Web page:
how our nervous system works
Asked by | 8th Jan, 2009, 05:08: PM
The nervous system is like a network that relays messages back and forth from the brain to different parts of the body. It does this via the spinal cord, which runs from the brain down through the back and contains threadlike nerves that branch out to every organ and body part.
The human brain is incredibly compact, weighing just 3 pounds. Its many folds and grooves, though, provide it with the additional surface area necessary for storing all of the body's important information.
The spinal cord, on the other hand, is a long bundle of nerve tissue about 18 inches long. It extends from the lower part of the brain down through spine. Along the way, various nerves branch out to the entire body. These are called the peripheral nervous system.
The brain is made up of three main sections: the forebrain, the midbrain, and the hindbrain.
Working of the nervous system:
The basic functioning of the nervous system depends a lot on tiny cells called neurons. The brain has billions of them, and they have many specialized jobs. For example, sensory neurons take information from the eyes, ears, nose, tongue, and skin to the brain. Motor neurons carry messages away from the brain and back to the rest of the body.
All neurons, however, relay information to each other through a complex electrochemical process, making connections that affect the way we think, learn, move, and behave.
The body’s nervous system is controlled by the brain and its functions are carried out by the sets of nerves that run out from the spinal column. Nerves monitor the state of the body, relay the information to the brain which gives instructions or modifications to keep the system in balance.
Intelligence, learning, and memory. At birth, the nervous system contains all the neurons we will ever have, but many of them are not connected to each other. As we grow and learn, messages travel from one neuron to another over and over, creating connections, or pathways, in the brain.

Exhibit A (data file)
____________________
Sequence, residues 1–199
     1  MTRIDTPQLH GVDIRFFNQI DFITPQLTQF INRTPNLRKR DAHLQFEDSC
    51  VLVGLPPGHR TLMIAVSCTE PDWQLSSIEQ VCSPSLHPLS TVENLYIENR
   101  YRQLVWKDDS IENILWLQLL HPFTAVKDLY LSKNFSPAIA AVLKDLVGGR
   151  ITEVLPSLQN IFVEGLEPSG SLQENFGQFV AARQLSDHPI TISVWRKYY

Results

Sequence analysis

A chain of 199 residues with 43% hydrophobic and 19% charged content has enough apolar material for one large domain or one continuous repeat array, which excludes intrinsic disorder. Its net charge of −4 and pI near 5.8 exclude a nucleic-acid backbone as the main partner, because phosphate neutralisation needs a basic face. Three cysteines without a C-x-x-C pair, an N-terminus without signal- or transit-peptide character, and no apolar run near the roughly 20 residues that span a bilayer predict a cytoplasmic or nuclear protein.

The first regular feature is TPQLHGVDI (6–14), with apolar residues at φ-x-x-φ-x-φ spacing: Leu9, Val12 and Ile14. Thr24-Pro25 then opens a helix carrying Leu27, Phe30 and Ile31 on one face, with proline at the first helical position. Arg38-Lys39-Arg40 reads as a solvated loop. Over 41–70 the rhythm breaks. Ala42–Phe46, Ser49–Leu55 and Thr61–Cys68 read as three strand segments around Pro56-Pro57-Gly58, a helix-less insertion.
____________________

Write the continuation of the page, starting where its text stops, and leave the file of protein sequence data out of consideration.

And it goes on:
In young children, the brain is highly adaptable; in fact, when one part of a young child's brain is injured, another part can often learn to take over some of the lost function. But as we age, the brain has to work harder to make new neural pathways, making it more difficult to master new tasks or change established behavior patterns.
Memory is another complex function of the brain. The things we've done, learned, and seen are first processed in the cortex, and then, if we sense that this information is important enough to remember permanently, it's passed inward to other regions of the brain (such as the hippocampus and amygdala) for long-term storage and retrieval. As these messages travel through the brain, they too create pathways that serve as the basis of our memory.
Movement. Different parts of the cerebrum are responsible for moving different body parts. The left side of the brain controls the movements of the right side of the body, and the right side of the brain controls the movements of the left side of the body.
Basic body functions. A part of the peripheral nervous system called the autonomic nervous system is responsible for controlling many of the body processes we almost never need to think about, like breathing, digestion, sweating, and shivering. The autonomic nervous system has two parts: the sympathetic and the parasympathetic nervous systems.
The sympathetic nervous system prepares the body for sudden stress. When something frightening happens, the sympathetic nervous system makes the heart beat faster so that it sends blood more quickly to the different body parts that might need it. It also causes the adrenal glands at the top of the kidneys to release adrenaline, a hormone that helps give extra power to the muscles for a quick getaway.
The parasympathetic nervous system does the exact opposite: It prepares the body for rest. It also helps the digestive tract move along so our bodies can efficiently take in nutrients from the food we eat.
The senses. None of your senses i.e. sight, smell, taste, hearing and touch would be useful without the processing that occurs in the brain.
Answered by | 8th Jan, 2009, 06:59: PM
Kindly Sign up for a personalised experience
- Ask Study Doubts
- Sample Papers
- Past Year Papers
- Textbook Solutions
Verify mobile number
Enter the OTP sent to your number